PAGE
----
Date of Award

4-1987

Degree Name

Master of Arts

Department

Psychology

First Advisor

Dr. Alan Poling

Second Advisor

Dr. Bradley Huitema

Third Advisor

Dr. Jack Michael

Access Setting

Masters Thesis-Open Access

Abstract

Four pigeons responded under chained variable-interval schedules in which the required response topographies were either similar [i.e., a homogeneous chain] or dissimilar Ci.e., a heterogeneous chain]. Subjects were exposed to all possible combinations of initial-link key pecking or treadle pressing and terminal-link pecking or treadling. Three of four subjects displayed higher initial-link response rates under the homogeneous chains. The present results were explained in terms of an induction effect in which the strengthening effect of reinforcing a particular terminal-link response topagrapahy generalizes to similar responses earlier in the chain, but not to topographically different responses.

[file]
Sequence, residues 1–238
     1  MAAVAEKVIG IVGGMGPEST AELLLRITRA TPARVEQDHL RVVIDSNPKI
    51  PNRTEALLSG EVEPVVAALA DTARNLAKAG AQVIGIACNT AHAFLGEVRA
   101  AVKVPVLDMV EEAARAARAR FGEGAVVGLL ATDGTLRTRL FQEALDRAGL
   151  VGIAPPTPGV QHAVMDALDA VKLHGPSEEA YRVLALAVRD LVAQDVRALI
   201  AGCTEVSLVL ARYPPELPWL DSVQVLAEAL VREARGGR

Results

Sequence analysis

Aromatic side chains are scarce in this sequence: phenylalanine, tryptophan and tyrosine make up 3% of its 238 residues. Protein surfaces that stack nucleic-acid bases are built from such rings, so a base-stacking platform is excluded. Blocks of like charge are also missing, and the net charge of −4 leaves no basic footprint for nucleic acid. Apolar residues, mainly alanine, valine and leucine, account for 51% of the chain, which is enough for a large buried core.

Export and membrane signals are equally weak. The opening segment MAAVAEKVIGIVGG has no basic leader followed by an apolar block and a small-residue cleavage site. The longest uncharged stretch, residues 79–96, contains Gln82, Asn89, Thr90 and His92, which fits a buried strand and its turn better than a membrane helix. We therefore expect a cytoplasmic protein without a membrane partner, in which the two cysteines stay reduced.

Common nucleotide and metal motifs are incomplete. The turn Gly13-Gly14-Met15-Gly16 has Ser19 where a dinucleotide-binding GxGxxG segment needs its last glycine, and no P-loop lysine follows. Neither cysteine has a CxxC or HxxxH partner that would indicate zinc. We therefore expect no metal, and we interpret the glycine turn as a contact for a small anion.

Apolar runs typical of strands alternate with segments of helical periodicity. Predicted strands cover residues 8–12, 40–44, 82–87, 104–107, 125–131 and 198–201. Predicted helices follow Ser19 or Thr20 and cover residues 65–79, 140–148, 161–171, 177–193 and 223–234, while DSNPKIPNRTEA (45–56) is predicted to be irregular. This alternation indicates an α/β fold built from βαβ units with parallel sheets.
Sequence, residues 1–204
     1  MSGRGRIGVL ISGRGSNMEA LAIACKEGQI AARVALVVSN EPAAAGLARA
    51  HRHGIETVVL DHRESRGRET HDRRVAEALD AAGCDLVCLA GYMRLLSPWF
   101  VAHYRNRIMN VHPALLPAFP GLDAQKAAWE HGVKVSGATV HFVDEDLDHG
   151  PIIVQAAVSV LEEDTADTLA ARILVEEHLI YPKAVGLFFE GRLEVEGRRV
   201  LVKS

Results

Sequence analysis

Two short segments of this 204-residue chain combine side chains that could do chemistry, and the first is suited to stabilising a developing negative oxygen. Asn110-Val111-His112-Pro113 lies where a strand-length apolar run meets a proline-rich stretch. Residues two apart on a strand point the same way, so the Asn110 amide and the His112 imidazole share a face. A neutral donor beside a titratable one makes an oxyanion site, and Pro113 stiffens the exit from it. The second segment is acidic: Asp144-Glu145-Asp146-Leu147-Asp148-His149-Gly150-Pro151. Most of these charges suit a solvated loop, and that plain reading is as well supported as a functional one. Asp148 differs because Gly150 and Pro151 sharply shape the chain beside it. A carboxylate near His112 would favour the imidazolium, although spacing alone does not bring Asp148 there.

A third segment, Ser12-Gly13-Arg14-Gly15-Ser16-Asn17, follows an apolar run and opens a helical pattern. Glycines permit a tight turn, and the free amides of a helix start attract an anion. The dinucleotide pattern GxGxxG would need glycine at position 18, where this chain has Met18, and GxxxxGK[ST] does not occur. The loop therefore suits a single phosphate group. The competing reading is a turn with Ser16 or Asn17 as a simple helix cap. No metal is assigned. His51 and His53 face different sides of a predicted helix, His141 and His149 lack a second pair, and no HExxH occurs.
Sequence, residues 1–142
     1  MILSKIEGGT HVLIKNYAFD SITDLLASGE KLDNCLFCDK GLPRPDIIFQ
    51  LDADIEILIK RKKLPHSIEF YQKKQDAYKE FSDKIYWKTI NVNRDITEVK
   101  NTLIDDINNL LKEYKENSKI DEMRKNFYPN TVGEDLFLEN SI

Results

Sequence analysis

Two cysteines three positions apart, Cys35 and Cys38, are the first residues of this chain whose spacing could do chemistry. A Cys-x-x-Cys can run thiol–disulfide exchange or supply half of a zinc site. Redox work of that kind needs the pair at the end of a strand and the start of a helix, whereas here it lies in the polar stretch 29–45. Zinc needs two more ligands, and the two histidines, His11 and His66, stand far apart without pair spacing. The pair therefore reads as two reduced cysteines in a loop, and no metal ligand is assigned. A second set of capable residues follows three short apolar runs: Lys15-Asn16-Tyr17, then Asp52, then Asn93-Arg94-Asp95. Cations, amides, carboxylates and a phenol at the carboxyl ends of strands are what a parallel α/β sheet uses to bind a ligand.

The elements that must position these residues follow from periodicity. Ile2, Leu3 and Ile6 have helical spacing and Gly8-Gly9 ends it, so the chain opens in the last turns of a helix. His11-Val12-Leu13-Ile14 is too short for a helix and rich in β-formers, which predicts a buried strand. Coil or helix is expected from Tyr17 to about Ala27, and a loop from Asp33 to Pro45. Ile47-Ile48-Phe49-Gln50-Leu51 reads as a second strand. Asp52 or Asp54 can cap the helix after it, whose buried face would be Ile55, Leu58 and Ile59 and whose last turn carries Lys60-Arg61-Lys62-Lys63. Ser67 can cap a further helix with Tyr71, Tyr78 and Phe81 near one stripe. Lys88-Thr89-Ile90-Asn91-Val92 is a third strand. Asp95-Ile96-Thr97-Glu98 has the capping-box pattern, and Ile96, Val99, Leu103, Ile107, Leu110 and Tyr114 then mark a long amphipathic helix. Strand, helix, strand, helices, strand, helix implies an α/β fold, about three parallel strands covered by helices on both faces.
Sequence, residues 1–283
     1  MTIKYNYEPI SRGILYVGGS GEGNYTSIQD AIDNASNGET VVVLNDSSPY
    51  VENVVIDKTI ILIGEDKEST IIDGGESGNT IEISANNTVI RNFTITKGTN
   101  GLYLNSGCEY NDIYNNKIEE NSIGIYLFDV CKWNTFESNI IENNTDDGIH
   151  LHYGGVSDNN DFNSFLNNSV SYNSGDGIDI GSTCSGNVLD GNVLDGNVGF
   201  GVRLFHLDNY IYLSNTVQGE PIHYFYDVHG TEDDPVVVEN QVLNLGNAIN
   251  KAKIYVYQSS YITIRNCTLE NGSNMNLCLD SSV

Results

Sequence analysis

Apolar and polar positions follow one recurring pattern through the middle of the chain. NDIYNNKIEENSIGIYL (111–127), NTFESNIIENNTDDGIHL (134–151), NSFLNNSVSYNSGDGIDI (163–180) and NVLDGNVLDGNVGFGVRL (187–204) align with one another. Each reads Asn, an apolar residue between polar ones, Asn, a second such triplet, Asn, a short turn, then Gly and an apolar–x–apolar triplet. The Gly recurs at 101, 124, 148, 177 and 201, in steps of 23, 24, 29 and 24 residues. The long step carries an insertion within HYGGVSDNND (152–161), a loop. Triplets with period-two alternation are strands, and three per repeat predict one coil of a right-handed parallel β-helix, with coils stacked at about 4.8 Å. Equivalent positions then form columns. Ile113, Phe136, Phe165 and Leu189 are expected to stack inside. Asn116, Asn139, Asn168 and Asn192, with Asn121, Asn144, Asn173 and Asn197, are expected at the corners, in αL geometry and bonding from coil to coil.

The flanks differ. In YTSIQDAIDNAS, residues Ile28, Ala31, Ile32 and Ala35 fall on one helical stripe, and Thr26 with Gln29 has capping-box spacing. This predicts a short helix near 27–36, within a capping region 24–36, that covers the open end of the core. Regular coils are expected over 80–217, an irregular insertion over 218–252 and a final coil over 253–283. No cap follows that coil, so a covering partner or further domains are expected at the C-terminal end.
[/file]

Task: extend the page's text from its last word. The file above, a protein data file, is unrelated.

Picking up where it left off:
Included in

Psychology Commons

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